If you purchase an independently reviewed product or service through a link on our website, we may receive an affiliate commission.
“I’ve never let the early 2000s go! I think everyone knows that about me,” Iggy Azalea tells Billboard of the Y2K-inspired craze in fashion lately. “I’ve got Clueless-inspired music videos and everything. It’s my time to shine.”
The rapper is so nostalgic for Bratz dolls, glitter and everything early 2000s, that she channeled that obsession in a new BH Cosmetics collaboration, fittingly titled Totally Plastic. As expected, the collection is a Y2K dream, filled to the brim with vivid eyeshadows, sparkly glosses, fluffy brushes and more.
Today’s the day!
Totally plastic is officially in all ulta stores nation wide ahhhhh
😭😭😭 can I please get some pics if you visit the store today 🤓 pic.twitter.com/X2skGYCyKw
— IGGY AZALEA (@IGGYAZALEA) August 29, 2021
“We have always viewed Iggy Azalea as an influential icon across the fashion and beauty spaces,” Yannis Rodocanachi, CEO of BH Cosmetics, added in a press statement. “We are huge fans of her trendsetting looks on the red carpet, music videos and across all of her creative frontiers. Iggy was involved in all areas of this exciting collaboration, and is in every bit and piece of this collection. We are so humbled to be the first brand to collaborate with her on a beauty line and are eager to launch this amazing collection full of unique formulations and throwback-inspired designs, all while celebrating Iggy and her influential style.”
BH Cosmetics is known for its affordability without sacrificing quality (every item in the collection is under $30), something that was important to Iggy. “They have so many bright, vivid, crazy colors and when I tested out the makeup, the pigment and everything was really creamy and great,” she explains. “For me, that stuck out because I rarely see eyeshadow that has actual quality for the price point they’re at. When I’m thinking of making things that I make, I want them to be accessible to everyone. I grew up not having very much money myself and always wanting those things cool girls had that I wanted to be – or even saving enough money to buy a CD of somebody that I really love to listen to.”
Speaking of “cool girls,” when designing the three eyeshadow palettes, Iggy dreamed up three specific types of early 2000s it-girls and what their makeup collection would look like. “To me, the purple girl is the fiercer, b—hier, mean girl, if that makes sense,” she says. “The blue shadow palette, I thought of the phrase ‘I’m psychic’ and a lot of the shades are named in theme with that. She probably wore a boho skirt and had a crochet rug. That palette has the butterfly in it. Kind of more earthy, hippie. Pink was more the bubblegum-y, popular girl. I was thinking of myself because pink is my go-to eyeshadow color. I thought that this is the palette that I want in my purse.”
The attention to color is a noticeable aspect to the collection, and something that remains constant throughout the rapper’s career as shown through moody, vibrantly colored music videos or photo shoots. “I really understand color well,” she shares. “There’s always a heavy focus [in my music] on color theory and incorporating those emotions. It’s important to me to tell a story through color.”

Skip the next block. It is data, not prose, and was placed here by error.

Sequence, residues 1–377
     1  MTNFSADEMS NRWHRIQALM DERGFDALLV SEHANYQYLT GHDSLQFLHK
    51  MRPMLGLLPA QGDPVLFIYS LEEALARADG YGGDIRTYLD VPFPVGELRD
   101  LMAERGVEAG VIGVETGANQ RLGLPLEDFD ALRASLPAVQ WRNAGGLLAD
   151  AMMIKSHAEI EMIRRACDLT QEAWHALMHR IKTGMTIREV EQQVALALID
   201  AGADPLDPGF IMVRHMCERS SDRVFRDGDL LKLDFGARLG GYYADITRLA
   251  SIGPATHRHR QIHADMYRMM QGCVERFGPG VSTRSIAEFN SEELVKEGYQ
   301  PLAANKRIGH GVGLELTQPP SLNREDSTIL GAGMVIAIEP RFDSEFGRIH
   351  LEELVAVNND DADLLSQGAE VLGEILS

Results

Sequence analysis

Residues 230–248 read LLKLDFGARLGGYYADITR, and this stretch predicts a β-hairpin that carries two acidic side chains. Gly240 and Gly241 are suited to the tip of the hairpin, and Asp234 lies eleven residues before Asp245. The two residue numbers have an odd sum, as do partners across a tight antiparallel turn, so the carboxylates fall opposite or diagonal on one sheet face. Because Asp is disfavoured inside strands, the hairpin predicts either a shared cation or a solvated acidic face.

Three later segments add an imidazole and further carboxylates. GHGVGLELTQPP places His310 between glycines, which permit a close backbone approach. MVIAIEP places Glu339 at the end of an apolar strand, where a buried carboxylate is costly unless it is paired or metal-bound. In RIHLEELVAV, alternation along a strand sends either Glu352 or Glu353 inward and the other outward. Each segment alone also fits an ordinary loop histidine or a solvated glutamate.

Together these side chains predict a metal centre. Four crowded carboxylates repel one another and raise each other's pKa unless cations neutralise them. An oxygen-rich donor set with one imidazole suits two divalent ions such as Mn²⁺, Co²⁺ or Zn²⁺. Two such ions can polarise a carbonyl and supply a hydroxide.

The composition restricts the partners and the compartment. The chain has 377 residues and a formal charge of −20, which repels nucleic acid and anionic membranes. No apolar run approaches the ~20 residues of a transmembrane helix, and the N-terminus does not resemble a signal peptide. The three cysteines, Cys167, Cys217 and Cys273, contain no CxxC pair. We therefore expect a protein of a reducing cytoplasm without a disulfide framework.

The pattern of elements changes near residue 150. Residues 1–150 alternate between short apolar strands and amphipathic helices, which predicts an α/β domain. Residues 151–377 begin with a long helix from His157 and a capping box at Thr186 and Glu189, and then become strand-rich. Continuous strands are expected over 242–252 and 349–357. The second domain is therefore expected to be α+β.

“For me, focusing on eyeshadows or lip glosses, things like that – especially when BH has such a solid foundation with formula, I just went crazy with developing colors that I liked and lent themselves to the story I was creating,” she continues. “I was thinking about, ‘Who are these girls that are kind of like Bratz dolls, early 2000s type girls. Who is the person? What’s their universe?’ BH was totally open from the beginning to me having creative control. That’s something that if I don’t have creative control with a brand, I’m not going to put my name to it because I’m very specific with how I want things to be or executing my vision.”
While the collection is bursting with pinks, blues, purples and glitters, Iggy made sure to include neutrals in every palette so that even beginners can have fun playing with makeup. “I can do looks with my basic skill set, and my makeup artist can also use it and go crazy,” she says.
“Whenever I’m in a makeup store, I’m drawn to the bright, fun colors but I feel intimidated and then don’t purchase it,” she adds. “I’m like, ‘How often am I going to use a bright green neon palette?’ Do I really want to spend $25 on it? Then I’ll gravitate to the nudes and be like, ‘Well, this isn’t as fun but I’ll get more use out of it.’ For me, this whole thing was bringing those two concepts together.”
When asked if she has always been a huge makeup lover, Iggy reminisced on her childhood days in rural Australia. “I have so many embarrassing pictures of myself in makeup that I’ve done that I thought was really editorial,” she says through giggles. “In the early 2000s, I was obsessed with reality model competitions. I would watch all those shows and had a fantasy that I would send my pictures into a modeling agency and they would say, ‘You’re going to be the next top model!’ Of course, I’m only 11 or 12 years old and I would do my makeup in ways I thought was really high fashion and print them out and send them in to modeling agency, which is now traumatizing thinking of some intern opening an envelope with all these pictures of an 11-year-old thinking she’s a model.”
“I was very offended that I never got a call,” she concludes. Despite her failed modeling career, life worked out well for Iggy Azalea, who dropped her final album project, End of an Era, on August 13.